Sunday, March 25, 2007

Around Amakusa in a Day

Well, it was a success this time, but it’s remarkable how the expected and the unexpected combined to make this trip yet again different from my previous attempts. From the beginning I knew it would be a bit of a gamble, but as the next available window (that falls on a day I don’t have to work) wasn’t to be until October, I decided to give it a go. In my favor was the best yet alignment of the tides: a flow, an ebb, and another flow each of about 4 meters (in Hondo); that’s about as big as it gets. This was to be followed by a much weaker flow, which too would work in my favor as I made my way up the west coast against the current.

Another strong card was the beautiful Water Field Hayate Expedition kayak I had borrowed from Mr. Mizuno (literally Mr. Waterfield) himself; certainly this was going to be the fastest boat I have paddled to date. I had no time at all to test drive it beforehand, only sitting in it once in front of the shop (which felt great), but I put my trust completely in Mr. Mizuno, who seems to be one of those fairly rare individuals that put great care into all that they are doing. It shows at first sight: this boat was no piece of chintz. Finally, I was feeling strong and fit, with no bodily liabilities (last time around I had a bad cold).

The speed map this time around. Note the relatively slow eastbound leg and the express traverse of the Nagashima Strait. The West Coast was slow torture...

However, I had been dealt some weak cards as well, the chief of which was the weather. A high-pressure system dominated the weather here, so there was no chance of a sudden nighttime thunderstorm like the one that made me abandon a nearly successful attempt last fall. But winds up to 10 knots were expected, and as luck would have it, would be blowing dead against me in some of the most critical spots of the tour. So I figured: I have a fast boat, a fast tide; hopefully I will make up the time lost to the wind and waves. It seemed to be worth a try.

Following the correct track, I had learned from previous efforts, was absolutely key to success. This time I had modified my earlier track in several places, the most significant two being the Hayasaki Strait in the north and passing Hino-shima in the east part of the circuit. The former has some of the fastest currents in Japan (I personally measured 16km/h there on the spring ebb tide), and the way this trip goes one is obliged to fight the current for about 1 hour before it changes in one’s favor. One makes little progress doing this, and it costs precious energy, so this time around I planned to aim the boat at right angles to the current and let myself be carried a considerable distance to the left while making reasonable headway. I figured to gradually make up for this drift as the current weakened, and once it changed, it would flush me back to the right anyway. This method, in fact, worked great, and I gained precious time at no energy cost.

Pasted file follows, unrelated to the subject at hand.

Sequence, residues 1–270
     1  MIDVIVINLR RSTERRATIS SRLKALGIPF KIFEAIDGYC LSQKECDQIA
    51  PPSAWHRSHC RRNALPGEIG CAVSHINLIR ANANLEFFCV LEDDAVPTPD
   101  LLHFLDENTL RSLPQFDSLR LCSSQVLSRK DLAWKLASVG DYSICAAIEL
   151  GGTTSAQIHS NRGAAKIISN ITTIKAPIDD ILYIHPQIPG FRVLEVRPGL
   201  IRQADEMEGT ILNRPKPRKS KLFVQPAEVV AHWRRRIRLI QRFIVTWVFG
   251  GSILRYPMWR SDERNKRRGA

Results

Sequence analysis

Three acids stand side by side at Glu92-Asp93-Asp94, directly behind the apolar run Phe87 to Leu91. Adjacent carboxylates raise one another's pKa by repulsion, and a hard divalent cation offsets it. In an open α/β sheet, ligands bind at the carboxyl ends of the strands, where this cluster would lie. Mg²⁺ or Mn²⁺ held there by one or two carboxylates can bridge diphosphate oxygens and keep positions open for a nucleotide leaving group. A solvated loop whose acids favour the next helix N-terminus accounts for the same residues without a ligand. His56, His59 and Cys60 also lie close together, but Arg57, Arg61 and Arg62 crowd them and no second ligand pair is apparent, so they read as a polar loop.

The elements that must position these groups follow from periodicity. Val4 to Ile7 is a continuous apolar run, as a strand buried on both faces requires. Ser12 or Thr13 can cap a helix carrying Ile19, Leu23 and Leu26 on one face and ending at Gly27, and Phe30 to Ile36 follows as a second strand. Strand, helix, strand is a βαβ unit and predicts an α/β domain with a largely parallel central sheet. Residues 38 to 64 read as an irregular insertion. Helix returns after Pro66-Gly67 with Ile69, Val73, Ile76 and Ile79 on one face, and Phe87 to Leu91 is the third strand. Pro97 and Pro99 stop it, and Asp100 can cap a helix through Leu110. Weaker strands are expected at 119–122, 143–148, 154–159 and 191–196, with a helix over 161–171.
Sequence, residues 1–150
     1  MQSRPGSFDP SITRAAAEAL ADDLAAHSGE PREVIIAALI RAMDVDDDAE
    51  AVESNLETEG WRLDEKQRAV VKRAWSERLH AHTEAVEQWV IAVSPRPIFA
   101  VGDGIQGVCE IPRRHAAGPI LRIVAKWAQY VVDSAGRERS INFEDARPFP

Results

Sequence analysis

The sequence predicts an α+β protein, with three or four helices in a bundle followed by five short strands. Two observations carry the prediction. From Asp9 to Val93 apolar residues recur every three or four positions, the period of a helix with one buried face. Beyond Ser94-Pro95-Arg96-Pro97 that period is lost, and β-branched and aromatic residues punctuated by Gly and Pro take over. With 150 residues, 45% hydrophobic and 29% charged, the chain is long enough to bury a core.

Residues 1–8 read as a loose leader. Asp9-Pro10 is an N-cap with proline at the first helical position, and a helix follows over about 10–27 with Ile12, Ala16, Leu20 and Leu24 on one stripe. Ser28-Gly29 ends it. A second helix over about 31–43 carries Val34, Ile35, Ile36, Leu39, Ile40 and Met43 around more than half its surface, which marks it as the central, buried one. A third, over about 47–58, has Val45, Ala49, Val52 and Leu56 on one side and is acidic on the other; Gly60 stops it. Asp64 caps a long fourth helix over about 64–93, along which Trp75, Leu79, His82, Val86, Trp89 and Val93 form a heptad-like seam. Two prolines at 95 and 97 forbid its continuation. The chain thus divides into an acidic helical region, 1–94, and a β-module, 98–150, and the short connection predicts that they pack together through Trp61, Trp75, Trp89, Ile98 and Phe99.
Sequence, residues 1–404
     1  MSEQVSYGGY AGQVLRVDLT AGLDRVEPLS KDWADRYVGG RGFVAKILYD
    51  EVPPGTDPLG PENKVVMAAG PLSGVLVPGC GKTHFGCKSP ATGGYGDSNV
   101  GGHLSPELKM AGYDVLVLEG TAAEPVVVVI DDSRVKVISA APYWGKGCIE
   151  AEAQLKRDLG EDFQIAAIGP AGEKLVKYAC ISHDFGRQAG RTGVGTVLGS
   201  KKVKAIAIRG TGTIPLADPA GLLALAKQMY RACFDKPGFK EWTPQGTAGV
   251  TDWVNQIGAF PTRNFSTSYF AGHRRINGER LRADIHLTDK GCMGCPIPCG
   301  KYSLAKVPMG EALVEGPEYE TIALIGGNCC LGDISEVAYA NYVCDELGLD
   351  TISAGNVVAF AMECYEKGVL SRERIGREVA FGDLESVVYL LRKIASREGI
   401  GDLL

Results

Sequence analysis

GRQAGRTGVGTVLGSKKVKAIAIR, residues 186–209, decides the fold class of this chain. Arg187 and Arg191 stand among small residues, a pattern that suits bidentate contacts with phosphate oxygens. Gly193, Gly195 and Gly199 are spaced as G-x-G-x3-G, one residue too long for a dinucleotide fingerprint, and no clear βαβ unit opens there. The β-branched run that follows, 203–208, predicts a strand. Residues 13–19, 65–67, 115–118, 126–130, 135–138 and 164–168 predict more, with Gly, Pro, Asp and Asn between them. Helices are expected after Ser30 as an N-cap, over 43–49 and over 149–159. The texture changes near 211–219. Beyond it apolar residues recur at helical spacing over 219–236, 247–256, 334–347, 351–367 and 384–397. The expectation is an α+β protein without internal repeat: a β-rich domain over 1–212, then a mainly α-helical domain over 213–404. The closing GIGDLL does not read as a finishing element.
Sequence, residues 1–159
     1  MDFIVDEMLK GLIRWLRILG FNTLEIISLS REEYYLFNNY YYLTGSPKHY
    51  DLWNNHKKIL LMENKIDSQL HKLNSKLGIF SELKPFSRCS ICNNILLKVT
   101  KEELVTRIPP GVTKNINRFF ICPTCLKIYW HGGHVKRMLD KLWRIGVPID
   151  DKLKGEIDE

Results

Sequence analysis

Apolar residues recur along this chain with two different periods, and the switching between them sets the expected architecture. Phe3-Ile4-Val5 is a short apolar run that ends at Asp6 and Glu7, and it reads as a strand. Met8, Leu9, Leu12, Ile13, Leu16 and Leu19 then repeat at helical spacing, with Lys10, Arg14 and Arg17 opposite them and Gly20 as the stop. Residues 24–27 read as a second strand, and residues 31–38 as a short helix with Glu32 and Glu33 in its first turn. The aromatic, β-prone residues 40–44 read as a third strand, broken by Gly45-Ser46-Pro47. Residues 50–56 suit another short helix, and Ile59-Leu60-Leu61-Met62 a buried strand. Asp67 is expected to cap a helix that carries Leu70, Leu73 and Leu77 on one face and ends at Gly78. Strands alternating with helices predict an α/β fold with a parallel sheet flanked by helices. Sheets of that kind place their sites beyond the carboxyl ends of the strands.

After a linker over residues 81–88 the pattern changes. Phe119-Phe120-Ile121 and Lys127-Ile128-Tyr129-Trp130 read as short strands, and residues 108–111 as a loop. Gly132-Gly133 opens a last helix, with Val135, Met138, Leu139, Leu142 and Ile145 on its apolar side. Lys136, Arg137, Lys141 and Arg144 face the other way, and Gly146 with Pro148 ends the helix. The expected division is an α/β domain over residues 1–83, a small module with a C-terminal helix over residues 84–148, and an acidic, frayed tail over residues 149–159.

At Hino-shima, where I previously experienced a 15 minute delay that basically caused me to miss the boat, as it were, on the entire ebb tide through the ensuing straits, complex counter-currents extend a fair distance offshore. About a month ago, I made a series of measurements there under similar tidal conditions. Determining the extent of the back-current, I plotted a wide arc around the problem area. This also worked like a charm and though the resulting path was slightly longer, I blew past the island at double-digit speeds. I could see the waters colliding and churning only 50-100m to starboard, where going would have been painfully slow.

Hinoshima was one of the places where I fine-tuned my path to gain more speed from the current. The old track hugged the coast to cut distance but placed me in a back current/eddy area. The green/blue lines with black dots are actual measurements I made here a month ago; I added schematic stream lines to help visualize the currents. The new track was planned to use the stream for maximum possible speed. It worked great.

Such a scientific approach, however, can only go so far when dealing with something as organic as the sea. It’s amazing and hitherto inexplicable to me how much the current conditions differ each time I try this trip. In spite of the large tide, the going near Yushima was much slower than anticipated, for reasons unknown. By Misumi I had lost 20 minutes and I was very antsy taking a 5-minute break there while Leanne remotely focused the live-cam on me to record my passage. I had to make a stop a little later to reconfigure for daytime and to empty water out of the boat (a wave had washed over my open cockpit while I was answering the call of nature). To my credit I managed to do all this in only 7 minutes but now I was fully a half-hour late. By working harder than planned I caught this up in the next monotonous 30km, and by Goshoura, I was still gaining steadily.

Thus I entered the series of narrow straits that drain the Yatsushiro sea, and what happened next quite surprised me: I caught the tidal express. My speed soared and soon I was cruising at 14km/h, peaking out at 16km/h through the Nagashima Strait. (Last time, my speed was barely 11km/h, about an hour later in the tidal cycle. Clearly good timing is essential here!) It was now the middle of the day, sunny, hot, and the calm sea belied the speed of the current. I was enjoying myself but still paddling hard, knowing I was soon going to need all the extra time I could get.